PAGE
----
Cosmopolitan (Australia) - - Work -

Co-founder and CEO of tech com­pany Code Like a Girl How did you come up with the busi­ness idea?

‘I have a Com­puter Science de­gree and had been work­ing as a de­vel­oper for six years when I moved to Mel­bourne. I wanted to get up­to­date with the in­dus­try but all the meet­ups were heav­ily male­dom­i­nated and I felt re­ally in­tim­i­dated. I fig­ured other women must be go­ing through the same thing, so in Au­gust 2015, I asked my boss if I could host a wine night for women in tech at our of­fice. Within two weeks of putting the event on­line I had over 100 RSVPs – and I re­alised I was onto some­thing.’

What was the next step?

‘The big­gest thing for me was making the events reg­u­lar so I could build up a com­mu­nity, and making them free or low cost so any­one could come along and learn.’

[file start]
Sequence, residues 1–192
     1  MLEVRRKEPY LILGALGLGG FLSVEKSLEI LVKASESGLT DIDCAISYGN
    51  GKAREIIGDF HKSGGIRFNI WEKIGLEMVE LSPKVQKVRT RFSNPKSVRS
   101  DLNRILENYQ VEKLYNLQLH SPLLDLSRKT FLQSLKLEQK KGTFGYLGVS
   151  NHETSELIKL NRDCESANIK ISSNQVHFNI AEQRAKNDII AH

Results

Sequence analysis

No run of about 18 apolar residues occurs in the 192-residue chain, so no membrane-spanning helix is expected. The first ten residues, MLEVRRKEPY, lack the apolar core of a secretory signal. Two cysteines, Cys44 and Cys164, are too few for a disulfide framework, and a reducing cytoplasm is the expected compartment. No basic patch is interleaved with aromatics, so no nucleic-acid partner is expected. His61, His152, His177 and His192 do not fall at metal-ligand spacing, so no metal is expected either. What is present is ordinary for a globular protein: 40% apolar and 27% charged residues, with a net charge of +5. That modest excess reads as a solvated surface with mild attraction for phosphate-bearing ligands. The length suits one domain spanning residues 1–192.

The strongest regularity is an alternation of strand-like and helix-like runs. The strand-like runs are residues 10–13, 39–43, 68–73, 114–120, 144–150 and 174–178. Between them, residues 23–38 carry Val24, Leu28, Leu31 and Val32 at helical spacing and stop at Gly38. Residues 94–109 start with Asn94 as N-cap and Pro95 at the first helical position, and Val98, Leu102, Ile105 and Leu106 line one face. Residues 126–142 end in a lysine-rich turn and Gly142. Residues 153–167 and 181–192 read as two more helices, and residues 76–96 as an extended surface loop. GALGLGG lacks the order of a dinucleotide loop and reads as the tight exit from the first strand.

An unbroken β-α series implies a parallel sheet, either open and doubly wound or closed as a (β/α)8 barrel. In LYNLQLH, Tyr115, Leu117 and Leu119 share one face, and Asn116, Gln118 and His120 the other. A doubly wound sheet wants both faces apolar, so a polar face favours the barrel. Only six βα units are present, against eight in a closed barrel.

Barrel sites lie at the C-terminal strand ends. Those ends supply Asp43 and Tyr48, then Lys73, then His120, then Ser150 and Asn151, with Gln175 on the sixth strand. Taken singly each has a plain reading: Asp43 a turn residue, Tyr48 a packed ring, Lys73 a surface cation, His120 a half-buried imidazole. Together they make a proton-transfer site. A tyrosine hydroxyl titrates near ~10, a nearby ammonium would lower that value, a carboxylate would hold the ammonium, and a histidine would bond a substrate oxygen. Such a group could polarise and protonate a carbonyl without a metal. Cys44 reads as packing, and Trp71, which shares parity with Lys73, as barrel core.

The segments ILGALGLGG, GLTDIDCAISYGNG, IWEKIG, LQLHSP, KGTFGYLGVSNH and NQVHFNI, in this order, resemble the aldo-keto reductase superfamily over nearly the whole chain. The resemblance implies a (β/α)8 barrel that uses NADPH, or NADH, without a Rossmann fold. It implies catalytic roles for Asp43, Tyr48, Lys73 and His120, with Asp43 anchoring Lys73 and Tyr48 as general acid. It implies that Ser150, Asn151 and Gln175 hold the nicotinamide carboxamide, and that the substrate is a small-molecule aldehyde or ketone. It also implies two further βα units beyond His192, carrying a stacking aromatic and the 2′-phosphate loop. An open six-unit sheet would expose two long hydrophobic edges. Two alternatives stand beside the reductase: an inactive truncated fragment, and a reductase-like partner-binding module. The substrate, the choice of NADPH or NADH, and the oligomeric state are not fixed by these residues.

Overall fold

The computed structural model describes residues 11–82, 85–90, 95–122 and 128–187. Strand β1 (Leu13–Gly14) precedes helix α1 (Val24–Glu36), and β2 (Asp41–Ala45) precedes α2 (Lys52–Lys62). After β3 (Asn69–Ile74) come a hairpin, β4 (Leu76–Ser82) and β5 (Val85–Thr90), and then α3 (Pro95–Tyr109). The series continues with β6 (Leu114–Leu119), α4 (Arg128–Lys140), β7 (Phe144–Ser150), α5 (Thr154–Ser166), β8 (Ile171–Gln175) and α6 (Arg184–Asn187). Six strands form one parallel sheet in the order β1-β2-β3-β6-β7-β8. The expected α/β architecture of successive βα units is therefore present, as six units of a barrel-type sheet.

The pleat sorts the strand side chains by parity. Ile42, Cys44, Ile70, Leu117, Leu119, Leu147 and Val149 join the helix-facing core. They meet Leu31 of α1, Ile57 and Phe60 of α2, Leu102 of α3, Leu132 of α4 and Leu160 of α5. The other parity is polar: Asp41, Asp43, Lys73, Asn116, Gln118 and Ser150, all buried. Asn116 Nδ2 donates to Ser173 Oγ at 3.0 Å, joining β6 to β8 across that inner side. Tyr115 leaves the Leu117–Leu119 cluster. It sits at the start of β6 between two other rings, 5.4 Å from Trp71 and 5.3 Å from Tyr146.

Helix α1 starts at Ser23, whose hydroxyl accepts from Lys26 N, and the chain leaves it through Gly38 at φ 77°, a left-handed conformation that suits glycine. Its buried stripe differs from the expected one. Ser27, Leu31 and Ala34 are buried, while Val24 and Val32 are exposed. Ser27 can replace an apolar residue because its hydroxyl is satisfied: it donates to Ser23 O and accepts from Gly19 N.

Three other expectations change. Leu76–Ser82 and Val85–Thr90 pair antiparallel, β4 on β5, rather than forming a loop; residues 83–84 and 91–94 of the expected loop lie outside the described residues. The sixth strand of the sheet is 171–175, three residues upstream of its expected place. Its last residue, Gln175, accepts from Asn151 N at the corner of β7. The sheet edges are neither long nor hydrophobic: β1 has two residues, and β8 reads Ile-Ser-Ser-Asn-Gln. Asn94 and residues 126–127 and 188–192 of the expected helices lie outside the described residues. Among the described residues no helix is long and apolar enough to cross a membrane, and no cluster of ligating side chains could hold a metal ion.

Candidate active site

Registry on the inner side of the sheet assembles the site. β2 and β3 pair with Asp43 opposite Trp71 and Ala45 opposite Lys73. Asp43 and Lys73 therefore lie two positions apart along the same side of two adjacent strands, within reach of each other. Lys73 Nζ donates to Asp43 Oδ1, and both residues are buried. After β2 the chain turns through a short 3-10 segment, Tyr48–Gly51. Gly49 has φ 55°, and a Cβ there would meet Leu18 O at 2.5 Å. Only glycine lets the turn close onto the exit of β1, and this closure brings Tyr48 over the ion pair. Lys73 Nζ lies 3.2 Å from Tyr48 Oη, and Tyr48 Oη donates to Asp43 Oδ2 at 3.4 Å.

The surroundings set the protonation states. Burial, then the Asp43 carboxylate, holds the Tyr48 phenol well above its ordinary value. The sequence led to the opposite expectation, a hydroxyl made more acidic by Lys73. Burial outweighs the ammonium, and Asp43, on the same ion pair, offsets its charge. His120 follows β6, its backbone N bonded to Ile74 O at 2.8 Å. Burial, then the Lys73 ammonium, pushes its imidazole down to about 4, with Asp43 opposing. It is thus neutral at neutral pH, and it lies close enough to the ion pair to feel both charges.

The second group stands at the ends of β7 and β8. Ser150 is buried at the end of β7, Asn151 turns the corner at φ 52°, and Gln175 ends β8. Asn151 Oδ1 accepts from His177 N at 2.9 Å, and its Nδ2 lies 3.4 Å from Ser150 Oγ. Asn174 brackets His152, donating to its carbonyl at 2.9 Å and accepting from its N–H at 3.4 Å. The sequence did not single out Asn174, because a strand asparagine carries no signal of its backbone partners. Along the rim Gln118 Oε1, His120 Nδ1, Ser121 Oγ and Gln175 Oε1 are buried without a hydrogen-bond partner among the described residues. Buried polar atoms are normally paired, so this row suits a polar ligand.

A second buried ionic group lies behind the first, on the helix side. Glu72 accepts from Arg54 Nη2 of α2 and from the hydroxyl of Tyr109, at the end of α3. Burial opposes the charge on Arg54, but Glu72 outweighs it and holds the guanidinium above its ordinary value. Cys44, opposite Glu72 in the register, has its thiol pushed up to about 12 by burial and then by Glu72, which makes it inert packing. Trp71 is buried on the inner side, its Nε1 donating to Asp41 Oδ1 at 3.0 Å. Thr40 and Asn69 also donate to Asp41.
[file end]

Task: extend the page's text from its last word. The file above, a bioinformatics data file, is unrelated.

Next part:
When did you de­cide to start of­fer­ing cod­ing classes? ‘Speak­ing to women at the events, I re­alised lots of them wanted to get into tech but didn’t have the skills to do so. I asked a bunch of suc­cess­ful fe­males in the tech world to vol­un­teer their time and got them to host free work­shops. They were such a suc­cess we started hold­ing them at schools with girls from grade one through to 12.’

How do you fund the events? ‘First I just got com­pa­nies to cover the cost of food, but my time and ef­fort was not be­ing paid for, so I couldn’t grow the busi­ness. I part­nered with a friend, Vanessa Doake, who has a back­ground in HR and helped re­model my fund­ing struc­ture. Now com­pa­nies pay a 12­month sub­scrip­tion to come along to our events, get to know our com­mu­nity and pro­mote their busi­ness.’

What’s been the hard­est part? ‘Work­ing two jobs and try­ing to bal­ance a so­cial life at the same time was re­ally tough, es­pe­cially when all my family was so far away in Scot­land. De­spite all that, hear­ing a young girl say she loves cod­ing makes it all worth it.’


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